The tires you’ll select for your bicycle depend on where you plan to ride. According to flatbike.com, “The rough dividing line between road and off-road tires is about an inch in thickness; Above that, tires are generally measured in inches, and below that, tires are generally measured in millimeters.” Thinner tires are usually sufficient for paved roads; the fattest tires, used in snowy conditions, can reach up to five inches. The average off-road tire can reach up to three inches. Hybrid tires, as their name suggests, are on the thinner side, but feature a tread that is suitable for both paved and unpaved roads. Tip: if you’re riding on unpaved roads, wear a mask to protect against dust.
Shock absorbers or nah?
The need for shock absorbers depends on the terrain. On rough roads, shock absorbers can reduce vibrations and boost speed. On paved or sloped roads, shock absorbers are often just extra – and unnecessary – weight.
Hidden comfort: Saddle and handlebars
As we noted at the beginning of this blog, the saddle (seat) of your bike is ultra-important. The seat should be at a height that allows you to pedal securely, efficiently, and easily. Your positioning also matters – if you tend to ride in a more upright position, for instance, a wider seat is more suitable. For long-distance bicycling, a firmer seat is usually preferred. There are also bicycle seats designed specifically for men or women. In fact, bike saddle technology has advanced significantly and there are countless options and designs available.
Handlebar selection is also crucial. Consider the width of your handlebars, as well as the shape, thickness and material. A more compact handlebar with a straighter shape is preferred for long-distance rides; ergonomic handlebars fall into the mid-range between compact and wide. Like seats, handlebars have benefitted from advanced technology and are now available in a range of models.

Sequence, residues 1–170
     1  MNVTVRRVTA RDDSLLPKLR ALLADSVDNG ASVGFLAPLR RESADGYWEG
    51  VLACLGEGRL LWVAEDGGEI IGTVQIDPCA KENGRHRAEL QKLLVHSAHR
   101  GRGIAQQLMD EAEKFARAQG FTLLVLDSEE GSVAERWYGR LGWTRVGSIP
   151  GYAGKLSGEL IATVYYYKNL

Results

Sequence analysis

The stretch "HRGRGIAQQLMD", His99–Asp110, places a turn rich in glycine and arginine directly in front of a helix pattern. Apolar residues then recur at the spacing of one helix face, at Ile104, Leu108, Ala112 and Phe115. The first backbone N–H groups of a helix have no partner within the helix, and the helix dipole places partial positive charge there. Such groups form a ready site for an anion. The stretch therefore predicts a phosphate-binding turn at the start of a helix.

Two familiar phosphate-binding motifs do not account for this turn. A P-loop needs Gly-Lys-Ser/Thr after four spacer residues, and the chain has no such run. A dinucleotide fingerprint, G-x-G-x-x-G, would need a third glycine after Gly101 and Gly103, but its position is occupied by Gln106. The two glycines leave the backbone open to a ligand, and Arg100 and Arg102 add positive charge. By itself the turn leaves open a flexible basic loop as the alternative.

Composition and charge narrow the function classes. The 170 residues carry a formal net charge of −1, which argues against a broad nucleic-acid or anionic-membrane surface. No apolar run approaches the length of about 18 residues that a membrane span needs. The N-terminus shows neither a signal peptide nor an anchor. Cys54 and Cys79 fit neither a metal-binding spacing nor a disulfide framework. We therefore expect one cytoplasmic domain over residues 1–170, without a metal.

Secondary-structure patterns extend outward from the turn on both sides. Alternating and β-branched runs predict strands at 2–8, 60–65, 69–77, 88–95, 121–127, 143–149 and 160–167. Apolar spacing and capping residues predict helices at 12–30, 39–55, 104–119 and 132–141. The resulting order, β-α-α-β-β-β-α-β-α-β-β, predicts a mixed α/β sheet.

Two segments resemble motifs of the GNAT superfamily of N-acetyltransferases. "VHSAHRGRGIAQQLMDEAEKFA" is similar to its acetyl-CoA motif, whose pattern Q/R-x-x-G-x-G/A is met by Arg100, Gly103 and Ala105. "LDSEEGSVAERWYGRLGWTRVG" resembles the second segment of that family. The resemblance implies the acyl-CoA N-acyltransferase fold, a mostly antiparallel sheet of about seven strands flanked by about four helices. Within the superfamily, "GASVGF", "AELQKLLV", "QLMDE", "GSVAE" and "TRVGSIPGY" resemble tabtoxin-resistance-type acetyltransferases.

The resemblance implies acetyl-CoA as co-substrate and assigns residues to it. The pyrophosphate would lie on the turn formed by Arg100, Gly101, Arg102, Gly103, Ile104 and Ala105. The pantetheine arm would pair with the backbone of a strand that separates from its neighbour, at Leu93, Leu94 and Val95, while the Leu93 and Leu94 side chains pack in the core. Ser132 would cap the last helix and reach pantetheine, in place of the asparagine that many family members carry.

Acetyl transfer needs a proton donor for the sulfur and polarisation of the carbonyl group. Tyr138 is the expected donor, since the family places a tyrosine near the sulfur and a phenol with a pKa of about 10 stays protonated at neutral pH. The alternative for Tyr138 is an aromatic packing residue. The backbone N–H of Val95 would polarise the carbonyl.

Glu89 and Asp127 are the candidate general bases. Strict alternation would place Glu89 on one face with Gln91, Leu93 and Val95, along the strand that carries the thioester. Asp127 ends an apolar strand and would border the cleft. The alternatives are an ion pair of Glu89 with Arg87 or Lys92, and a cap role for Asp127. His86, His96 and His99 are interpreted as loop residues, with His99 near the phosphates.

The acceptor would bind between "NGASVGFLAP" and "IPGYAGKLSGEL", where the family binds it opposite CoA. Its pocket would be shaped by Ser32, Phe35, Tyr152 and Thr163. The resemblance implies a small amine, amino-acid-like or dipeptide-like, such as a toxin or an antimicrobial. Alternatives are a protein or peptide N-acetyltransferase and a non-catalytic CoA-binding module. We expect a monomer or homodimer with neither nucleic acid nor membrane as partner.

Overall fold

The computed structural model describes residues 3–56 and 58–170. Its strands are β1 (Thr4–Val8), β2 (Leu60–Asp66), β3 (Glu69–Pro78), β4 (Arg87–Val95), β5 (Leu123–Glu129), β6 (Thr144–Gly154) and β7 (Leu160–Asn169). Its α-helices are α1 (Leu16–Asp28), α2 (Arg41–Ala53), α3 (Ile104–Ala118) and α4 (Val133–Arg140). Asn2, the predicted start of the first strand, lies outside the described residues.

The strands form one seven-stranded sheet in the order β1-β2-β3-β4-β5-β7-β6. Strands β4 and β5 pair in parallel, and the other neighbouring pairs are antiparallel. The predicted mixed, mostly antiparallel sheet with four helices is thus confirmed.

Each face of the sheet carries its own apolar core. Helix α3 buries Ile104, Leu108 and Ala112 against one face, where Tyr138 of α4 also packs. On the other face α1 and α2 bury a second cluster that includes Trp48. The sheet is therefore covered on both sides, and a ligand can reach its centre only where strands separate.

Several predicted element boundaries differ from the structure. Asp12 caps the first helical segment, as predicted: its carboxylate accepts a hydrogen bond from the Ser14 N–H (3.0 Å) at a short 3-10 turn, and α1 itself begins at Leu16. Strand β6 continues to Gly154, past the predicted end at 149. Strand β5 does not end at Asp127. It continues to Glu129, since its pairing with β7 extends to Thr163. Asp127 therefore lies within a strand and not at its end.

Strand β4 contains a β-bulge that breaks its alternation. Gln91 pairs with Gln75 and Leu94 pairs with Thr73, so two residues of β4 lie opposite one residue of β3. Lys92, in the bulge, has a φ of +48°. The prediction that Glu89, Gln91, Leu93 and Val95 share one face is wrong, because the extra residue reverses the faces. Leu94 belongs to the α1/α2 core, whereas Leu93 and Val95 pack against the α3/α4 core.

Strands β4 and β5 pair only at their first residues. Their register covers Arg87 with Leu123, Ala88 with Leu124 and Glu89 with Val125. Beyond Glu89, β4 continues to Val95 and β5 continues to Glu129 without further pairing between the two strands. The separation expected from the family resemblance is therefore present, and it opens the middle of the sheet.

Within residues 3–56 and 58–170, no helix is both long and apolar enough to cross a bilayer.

Security precautions: Lights and mudguards
Safety is essential! Bicycle lights have two functions: to illuminate the road for the rider, and to illuminate the rider (and the bike) for others on the road. Your bike should have, at minimum, a rear blinker. Advanced front and rear lights include features such as high- and low-light settings, and flash, blinker, and strobe modes. Most bike lights are rechargeable and detachable. If you don’t want to bother with recharging, you can investigate a dynamo set-up. Powered by the rotation of the front wheel, dynamo lights are efficient but may require professional installation.
Bike fenders and mudguards are another useful safety feature. In rainy conditions, mudguards protect both you and your bicycle from water and splashes; they also protect the riders behind you from sprays. And, of course, mudguards are supremely useful in off-road conditions.
We recommend wearing a safety vest with reflective or LED features, for additional visibility, and, also, keeping a spare headlight on hand for emergencies.
With a bit of preparation, you will soon be ready to embark on your own bicycle tour: just determine your route, choose your bike and gather a group of like-minded friends – a great adventure awaits!